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Image: (Tina Tiller/Getty)
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The BulletinJuly 20, 2023

Labour comes off the back foot with last law and order announcement

Image: (Tina Tiller/Getty)
Image: (Tina Tiller/Getty)

It’s been a week for the government as it attended to its law and order Achilles heel. The landing finally got stuck yesterday, writes Anna Rawhiti-Connell in this excerpt from The Bulletin, The Spinoff’s morning news round-up. To receive The Bulletin in full each weekday, sign up here.

New ram raid offence and Youth court escalation

As tempting as it is to draw on religious metaphors alluding to a trinity or a three-day time frame, let’s just say the government will be counting its blessings after a well-explained law and order announcement yesterday. Prime minister Chris Hipkins has fronted all three announcements this week and was joined by justice minister Kiri Allan yesterday. The government will introduce a new bill to create a specific ram raid offence that carries a maximum sentence of 10 years (the same as burglary) but more specifically it will amend the Oranga Tamariki Act so that a 12 or 13-year-old who commits a ram-raid and is charged with a ram-raid offence, can be escalated to the Youth Court. As Newsroom’s Jo Moir writes (paywalled), “Allan, who has faced significant pressure in recent weeks and took time away from parliament, was well versed in the policy and offered insights backed up with evidence and statistics on what was causing some of the worst behaviours amongst young people.”

Alignment with National and Act policy

The implications of the announcement will undoubtedly create a sense of discomfort and disappointment for some. It’s a bit further away from the more holistic, “transform the justice system” rhetoric of the government’s earlier days and might be considered to be closer to some of the law and order policies put up by National and Act. Being able to escalate offending to the Youth Court means young repeat offenders could be given ankle bracelets, put into youth justice facilities, or given restrictive bail conditions, such as curfews, said Allan. Act leader David Seymour noted that his party had said that you should be eligible to have an ankle bracelet from age 11 if you commit a ram raid and that “people said that was harsh at the time.” National introduced a policy in November last year to create a new Young Serious Offender (YSO) category for those aged 10 to 17 who had committed at least two serious offences including ram raids, armed burglary or serious assault.

‘It becomes hard to see past simply wanting this problem to end’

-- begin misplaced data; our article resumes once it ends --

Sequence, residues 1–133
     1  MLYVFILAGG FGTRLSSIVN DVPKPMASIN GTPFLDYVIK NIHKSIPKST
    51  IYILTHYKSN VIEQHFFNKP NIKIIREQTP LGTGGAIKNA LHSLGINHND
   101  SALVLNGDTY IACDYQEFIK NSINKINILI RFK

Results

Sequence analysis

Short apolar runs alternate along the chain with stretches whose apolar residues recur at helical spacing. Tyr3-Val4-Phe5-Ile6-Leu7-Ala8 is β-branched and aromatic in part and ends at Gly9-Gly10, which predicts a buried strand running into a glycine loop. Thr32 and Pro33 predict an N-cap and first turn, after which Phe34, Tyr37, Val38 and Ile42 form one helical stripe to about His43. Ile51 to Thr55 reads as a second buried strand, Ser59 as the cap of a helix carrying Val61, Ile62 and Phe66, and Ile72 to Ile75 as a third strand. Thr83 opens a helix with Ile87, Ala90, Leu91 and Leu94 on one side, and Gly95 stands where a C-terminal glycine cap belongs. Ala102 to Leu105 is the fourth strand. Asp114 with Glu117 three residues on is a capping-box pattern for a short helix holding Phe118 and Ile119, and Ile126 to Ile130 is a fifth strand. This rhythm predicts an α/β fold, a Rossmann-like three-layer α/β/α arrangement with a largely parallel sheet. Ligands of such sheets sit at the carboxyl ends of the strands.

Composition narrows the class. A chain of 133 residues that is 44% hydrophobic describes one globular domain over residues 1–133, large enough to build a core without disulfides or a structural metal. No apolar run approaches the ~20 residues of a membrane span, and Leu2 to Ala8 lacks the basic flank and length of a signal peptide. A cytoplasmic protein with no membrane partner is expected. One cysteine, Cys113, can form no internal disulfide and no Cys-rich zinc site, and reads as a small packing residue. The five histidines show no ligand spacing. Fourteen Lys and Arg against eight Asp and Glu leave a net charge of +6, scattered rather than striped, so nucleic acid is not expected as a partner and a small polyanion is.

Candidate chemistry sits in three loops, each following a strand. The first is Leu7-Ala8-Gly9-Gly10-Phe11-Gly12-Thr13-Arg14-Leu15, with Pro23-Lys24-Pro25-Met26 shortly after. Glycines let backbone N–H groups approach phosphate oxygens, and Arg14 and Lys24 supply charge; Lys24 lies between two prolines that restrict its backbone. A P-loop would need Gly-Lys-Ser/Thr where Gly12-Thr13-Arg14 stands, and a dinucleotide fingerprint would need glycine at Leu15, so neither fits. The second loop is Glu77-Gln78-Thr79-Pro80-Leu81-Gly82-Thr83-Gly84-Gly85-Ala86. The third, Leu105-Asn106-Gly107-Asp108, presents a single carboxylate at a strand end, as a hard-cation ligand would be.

An editorial from the Herald (paywalled) this week about the dominance of ram raids within the current national discourse perhaps sums up the electoral necessity of moving away from talking about more nuanced solutions like addressing the causes of crime:

“This may just be a difficult and costly period the country can emerge from to a better state next year. But people get to a point where patience is limited for nuanced solutions, and those that are easy to grasp can appeal more. It becomes hard to see past simply wanting this problem to end.”

This week, new research from Dr Julia Ioane at Massey University revealed the key driver for youth offending among the subjects she interviewed was to get money for food. The resigned tonality of that Herald editorial won’t be particularly comforting for the many, like Ioane, who have worked tirelessly on more ‘whole of society’ approaches to addressing crime but I do wonder if that editorial speaks to something of a weariness and a national mood in this post-pandemic, cost-of-living crisis era.

‘A crackdown with a mild snap rather than a bang’

It’s fair to judge yesterday’s announcement and the timing of all law and order announcements from the government this week within the context of Labour wanting to win an election. Elements, however, were still characteristically Labour. The measures announced yesterday also included an intensive programme to break the cycle for up to 60 recidivist young offenders and an expansion of the successful “Circuit Breaker” fast-track intervention programme. As the Herald’s Claire Trevett writes (paywalled), yesterday’s announcement:

“Sets up a nuanced and staged approach to dealing with youth offenders, rather than putting all through the same processes – from those for whom a telling-off from the parents will set them right, to those who need to confront more consequences. It was delivered in a way in which Hipkins emphasised the first port of call would always be to try to get young people “back on the straight and narrow” rather than biffing them into custody.”

The hope for Hipkins she writes, is that it will be viewed as reasonable and effective, “a crackdown with a mild snap rather than a bang.”

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